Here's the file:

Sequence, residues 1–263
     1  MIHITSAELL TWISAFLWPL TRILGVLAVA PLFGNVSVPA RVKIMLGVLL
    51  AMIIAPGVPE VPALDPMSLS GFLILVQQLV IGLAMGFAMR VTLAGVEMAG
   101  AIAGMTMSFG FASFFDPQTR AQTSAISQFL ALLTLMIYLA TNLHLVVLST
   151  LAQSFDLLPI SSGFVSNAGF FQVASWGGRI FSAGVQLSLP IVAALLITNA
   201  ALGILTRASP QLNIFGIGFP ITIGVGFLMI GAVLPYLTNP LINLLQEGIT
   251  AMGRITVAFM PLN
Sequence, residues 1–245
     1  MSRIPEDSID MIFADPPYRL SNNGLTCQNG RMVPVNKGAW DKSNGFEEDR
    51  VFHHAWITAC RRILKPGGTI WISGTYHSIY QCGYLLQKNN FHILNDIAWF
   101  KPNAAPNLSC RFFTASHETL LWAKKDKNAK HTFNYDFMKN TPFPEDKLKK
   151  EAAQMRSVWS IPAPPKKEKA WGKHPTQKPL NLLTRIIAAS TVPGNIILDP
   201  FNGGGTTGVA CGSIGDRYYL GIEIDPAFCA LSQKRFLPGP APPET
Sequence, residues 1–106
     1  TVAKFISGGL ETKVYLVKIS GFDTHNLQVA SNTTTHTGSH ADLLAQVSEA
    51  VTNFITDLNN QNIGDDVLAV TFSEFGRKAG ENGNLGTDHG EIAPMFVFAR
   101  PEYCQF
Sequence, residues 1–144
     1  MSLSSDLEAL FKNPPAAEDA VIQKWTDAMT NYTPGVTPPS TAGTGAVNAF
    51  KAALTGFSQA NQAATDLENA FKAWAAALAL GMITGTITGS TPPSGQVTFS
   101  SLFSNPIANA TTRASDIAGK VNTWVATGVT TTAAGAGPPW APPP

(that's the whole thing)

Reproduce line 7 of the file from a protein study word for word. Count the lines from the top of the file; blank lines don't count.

   251  AMGRITVAFM PLN